Sometimes there were copies of letters his boss was shown pinned to those he had not been shown. It was masterly filing, and if you read the whole anthology, which up to now had presumably been for Alan Green's eyes only, it made a convincing case. Annie decided that A. Green was a bastard and he deserved to have lost his case and his deal. She hoped he would never find either. But then how would she get back what was hers? And God almighty, suppose he had read her diary.
Alan Green decided to hell with it, he couldn't bear the flat taste of the soda. He opened a calorie-packed tonic water from his minibar and decided that he would do this thing methodically. Look on it as a business problem. Right. He had left his name with the airline, if she called. Of course she would call. Stupid girl, why had she not called already? Stupid A. Grant. She was probably in a wine bar with an equally stupid teacher talking about plays and how to write them in longhand at great length and maximum stupidity. What kind of play was it, anyway? He began to read it. He read of her romance. . . . It wasn't a play, it was the real thing. This was a diary. It was more than a diary, it was a plan of campaign. It was dozens of different scenarios that could take place on this holiday.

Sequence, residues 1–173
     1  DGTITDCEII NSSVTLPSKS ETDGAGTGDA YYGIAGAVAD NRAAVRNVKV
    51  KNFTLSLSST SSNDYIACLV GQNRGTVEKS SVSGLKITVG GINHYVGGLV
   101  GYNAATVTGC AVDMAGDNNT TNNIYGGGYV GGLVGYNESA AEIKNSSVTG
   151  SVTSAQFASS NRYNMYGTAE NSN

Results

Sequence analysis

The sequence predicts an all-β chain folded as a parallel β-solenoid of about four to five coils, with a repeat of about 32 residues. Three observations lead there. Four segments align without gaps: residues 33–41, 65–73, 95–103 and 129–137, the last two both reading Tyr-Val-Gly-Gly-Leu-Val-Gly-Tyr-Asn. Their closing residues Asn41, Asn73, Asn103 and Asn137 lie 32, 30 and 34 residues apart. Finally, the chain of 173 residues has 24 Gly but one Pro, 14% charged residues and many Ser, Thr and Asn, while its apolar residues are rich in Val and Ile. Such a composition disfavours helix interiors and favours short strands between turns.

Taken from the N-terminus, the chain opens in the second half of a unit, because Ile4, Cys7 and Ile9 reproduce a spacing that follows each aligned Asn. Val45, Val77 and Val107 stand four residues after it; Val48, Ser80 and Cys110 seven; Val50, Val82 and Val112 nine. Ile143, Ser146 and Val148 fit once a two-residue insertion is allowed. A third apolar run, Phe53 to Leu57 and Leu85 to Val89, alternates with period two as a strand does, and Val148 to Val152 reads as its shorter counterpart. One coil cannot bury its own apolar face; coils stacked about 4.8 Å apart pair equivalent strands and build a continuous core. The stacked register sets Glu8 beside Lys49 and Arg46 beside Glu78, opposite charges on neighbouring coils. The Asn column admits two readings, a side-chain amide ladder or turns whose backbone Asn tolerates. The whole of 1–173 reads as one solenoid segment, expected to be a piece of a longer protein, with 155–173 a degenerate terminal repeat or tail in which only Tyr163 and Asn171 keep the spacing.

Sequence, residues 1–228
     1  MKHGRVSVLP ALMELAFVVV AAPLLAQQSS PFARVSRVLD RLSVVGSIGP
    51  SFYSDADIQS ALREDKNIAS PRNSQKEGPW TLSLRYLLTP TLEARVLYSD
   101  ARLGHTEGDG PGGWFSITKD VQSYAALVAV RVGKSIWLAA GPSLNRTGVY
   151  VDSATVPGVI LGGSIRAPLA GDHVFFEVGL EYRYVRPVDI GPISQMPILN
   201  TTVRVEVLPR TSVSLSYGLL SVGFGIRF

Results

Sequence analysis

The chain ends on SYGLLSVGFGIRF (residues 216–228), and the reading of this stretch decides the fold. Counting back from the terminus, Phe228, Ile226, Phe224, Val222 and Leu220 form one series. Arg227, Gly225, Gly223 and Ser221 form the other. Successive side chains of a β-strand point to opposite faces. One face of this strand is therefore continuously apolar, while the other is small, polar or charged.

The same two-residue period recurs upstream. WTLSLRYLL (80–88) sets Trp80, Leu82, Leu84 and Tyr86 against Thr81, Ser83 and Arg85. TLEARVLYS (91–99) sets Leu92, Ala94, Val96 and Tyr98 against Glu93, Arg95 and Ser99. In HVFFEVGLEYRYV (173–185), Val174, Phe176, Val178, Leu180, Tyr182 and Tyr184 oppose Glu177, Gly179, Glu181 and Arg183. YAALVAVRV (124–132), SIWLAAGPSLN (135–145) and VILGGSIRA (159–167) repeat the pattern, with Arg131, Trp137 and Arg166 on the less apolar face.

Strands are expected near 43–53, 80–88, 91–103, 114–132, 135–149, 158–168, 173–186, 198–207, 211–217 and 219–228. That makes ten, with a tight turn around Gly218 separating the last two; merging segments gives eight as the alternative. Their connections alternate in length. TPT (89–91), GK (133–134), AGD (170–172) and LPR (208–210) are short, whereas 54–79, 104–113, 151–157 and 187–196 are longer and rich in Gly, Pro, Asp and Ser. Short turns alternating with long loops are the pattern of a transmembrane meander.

There was the scene where he said he couldn't see her anymore, that his wife had given him an ultimatum. This creepy A. Grant had written out her lines for that one, several times over. Sometimes they were casual and see-if-I-care. Sometimes they were filled with passion, or threats: she would kill herself, let him wait. She had written the whole thing out as if it were a play, even with stage directions.
Alan decided that A. Grant was a raving lunatic and that whoever the poor guy she was going to meet was, he deserved to be warned about her.
He felt glad that she had lost this insane checklist of emotional dramas and how to play them; he was glad that all her finery had gone astray and that she would have to meet the guy as she was. He realized that she had probably done some kind of repair job and washed her tights and whatever just as he had washed the collar and cuffs of his shirt and the soles of his socks. Then he remembered with a lurch that she might have read his dossier on the company.